Transfer Efficiency

Converting Knowledge into "Action That Is Crucial for Success"

Dr. Ina Weinbauer-HeidelKarlsruhe (GER)/St. Valentin (A), December 2019 - Dr. Ina Weinbauer-Heidel, founder of the Institute for Transfer Effectiveness, has published the German language book "Was Trainings wirklich wirksam macht" (What makes training sessions really effective). In it, she describes the twelve control levers of transfer effectiveness. At the LEARNTEC Congress, she will discuss her practical experience and insights on 29 January 2020 at 10.45.

Please give us a brief explanation of the term "transfer effectiveness". How is it determined or measured today?

Dr. Ina Weinbauer-Heidel: According to Baldwin and Ford, transfer means the extent to which participants effectively apply the knowledge, skills, and attitudes acquired in the training context in the context of their work. That is, how much of what has been learned in a training context - face-to-face sessions, blended learning, eLearning, via VR, etc. - is actually applied and used on the job.

I can answer the second question from two perspectives. From the transfer-research perspective, there are numerous methods and models for measuring and evaluating transfer success, the most popular being Kirkpatrick's four levels and Brinkerhoff's Success Case Method. The pivotal element of these models is that they do not begin and end with the participants’ satisfaction (i.e. questions like "How much did you like the program?") or with the learning achievement (for example, measured by quizzes or tests). The starting point is the impact on business, and this is placed at the centre.

Several questions can be posed here. What has to change in the company (e.g. the KPIs)? To which strategic goals should the program make a contribution (e.g. digitisation, development of new markets, etc.)?  Which "pain" or problem needs to be overcome (e.g. inadequate speed to react properly to constantly changing customer needs)?

Based on the goal or goals identified, the focus is placed on the participants’ activity that is critical for success. In concrete terms, what should the participants do on the job - not merely KNOW, but DO? How should employees act so that the desired business impact can be achieved? Transfer research calls this "success critical behaviour" or transfer goals. THIS is at the heart of what the evaluation should aim at.

Frome the second perspective, we shouldn’t only measure WHETHER the participants actually act differently but also ask "WHY". What are the reasons that the participants have actually changed their actions - or haven’t. Here it becomes clear that it CANNOT be due to the training programme alone but can be traced back to many other factors, often organisational, such as management or the organisational opportunities to apply what has been learned - or the lack thereof. These factors are just as decisive for the success of the transfer, and are often even more critical than the content, the technology, or the methodology used in the intervention.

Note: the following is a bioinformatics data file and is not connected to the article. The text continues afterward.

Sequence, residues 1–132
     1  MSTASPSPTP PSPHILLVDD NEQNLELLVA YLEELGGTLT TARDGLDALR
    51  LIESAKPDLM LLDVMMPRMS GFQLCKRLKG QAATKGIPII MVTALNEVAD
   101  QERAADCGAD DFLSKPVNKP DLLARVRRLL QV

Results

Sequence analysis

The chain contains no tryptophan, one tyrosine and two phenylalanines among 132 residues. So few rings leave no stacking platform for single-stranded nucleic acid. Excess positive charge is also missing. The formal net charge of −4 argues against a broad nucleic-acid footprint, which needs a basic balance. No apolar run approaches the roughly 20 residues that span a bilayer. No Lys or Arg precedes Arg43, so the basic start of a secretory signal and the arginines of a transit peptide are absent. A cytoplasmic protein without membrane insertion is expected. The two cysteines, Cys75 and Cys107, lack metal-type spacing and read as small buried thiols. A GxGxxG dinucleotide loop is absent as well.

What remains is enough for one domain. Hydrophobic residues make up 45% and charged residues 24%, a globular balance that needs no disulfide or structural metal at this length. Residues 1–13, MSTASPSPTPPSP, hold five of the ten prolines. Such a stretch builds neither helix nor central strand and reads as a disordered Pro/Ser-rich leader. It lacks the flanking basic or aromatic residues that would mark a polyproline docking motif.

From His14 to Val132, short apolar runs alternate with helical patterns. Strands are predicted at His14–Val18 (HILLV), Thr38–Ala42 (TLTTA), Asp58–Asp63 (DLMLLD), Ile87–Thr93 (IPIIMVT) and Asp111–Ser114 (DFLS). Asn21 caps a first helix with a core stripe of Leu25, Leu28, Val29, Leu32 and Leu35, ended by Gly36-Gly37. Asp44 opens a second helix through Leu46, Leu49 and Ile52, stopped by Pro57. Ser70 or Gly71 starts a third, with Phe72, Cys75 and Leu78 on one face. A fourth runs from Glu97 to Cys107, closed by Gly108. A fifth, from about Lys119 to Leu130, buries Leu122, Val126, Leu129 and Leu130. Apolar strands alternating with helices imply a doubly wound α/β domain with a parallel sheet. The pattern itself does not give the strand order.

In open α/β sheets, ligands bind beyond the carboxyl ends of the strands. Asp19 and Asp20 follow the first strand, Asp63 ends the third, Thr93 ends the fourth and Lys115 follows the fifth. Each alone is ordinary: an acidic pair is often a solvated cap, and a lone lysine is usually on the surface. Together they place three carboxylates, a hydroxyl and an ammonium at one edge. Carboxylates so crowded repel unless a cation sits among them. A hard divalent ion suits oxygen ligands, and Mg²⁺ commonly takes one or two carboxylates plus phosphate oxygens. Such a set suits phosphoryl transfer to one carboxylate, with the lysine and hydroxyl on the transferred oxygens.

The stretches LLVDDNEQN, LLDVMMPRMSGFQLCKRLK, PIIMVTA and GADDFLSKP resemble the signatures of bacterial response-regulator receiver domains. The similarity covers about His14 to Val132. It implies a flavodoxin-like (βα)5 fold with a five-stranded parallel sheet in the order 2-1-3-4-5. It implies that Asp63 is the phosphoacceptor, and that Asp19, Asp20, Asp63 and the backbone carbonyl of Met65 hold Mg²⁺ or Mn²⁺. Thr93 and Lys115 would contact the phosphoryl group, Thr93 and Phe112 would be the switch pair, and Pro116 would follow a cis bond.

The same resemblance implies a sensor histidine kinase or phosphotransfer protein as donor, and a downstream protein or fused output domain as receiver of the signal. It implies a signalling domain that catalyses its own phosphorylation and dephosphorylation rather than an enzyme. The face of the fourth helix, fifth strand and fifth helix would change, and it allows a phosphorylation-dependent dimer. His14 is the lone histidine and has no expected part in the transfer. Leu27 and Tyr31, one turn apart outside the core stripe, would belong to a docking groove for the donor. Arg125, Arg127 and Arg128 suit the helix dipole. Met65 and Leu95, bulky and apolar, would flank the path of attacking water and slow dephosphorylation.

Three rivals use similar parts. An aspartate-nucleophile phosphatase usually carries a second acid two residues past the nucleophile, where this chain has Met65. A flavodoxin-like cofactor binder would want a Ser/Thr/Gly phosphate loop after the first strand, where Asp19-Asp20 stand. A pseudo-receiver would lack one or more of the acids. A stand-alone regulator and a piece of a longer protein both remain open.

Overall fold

If I understand the question differently, that is I don’t ask "How do companies measure transfer effectiveness today?" but rather “Do they actually even measure it?”, the answer is quite different. In the latter case, the reply, unfortunately, is usually no, they don’t measure it at all! The reality is that almost 90% of companies primarily evaluate their programmes on the level of satisfaction. These are what researchers affectionately call the classic Happy Sheets (or their digital counterpart) that are gathered at the seminar’s conclusion. Learning success might also be included in the form of an assessment of the participants’ knowledge before and after the programme.

However, research shows very clearly that "being satisfied with a programme" or "having accumulated a lot of knowledge" relates nothing about how much knowledge is actually implemented.


Do you identify the proper instrument to achieve transfer effectiveness on the basis of different types of training?

Dr. Ina Weinbauer-Heidel: Actually, the instruments aren’t as different as one might assume. If transfer in the sense described above is the goal, i.e. a change in performance at the workplace, then everything that leads to this new performance or prevents it is decisive. The knowledge I need to perform successfully or the way the knowledge is acquired are, of course, part of the process. However, other factors are also quite crucial - and often more decisive than how the knowledge is acquired. These include personal factors such as my motivation in performing the task; how well I succeed in performing the new routines in the long term; or the organisational factors I’ve already mentioned, such as what my manager says about it or my fellow employees.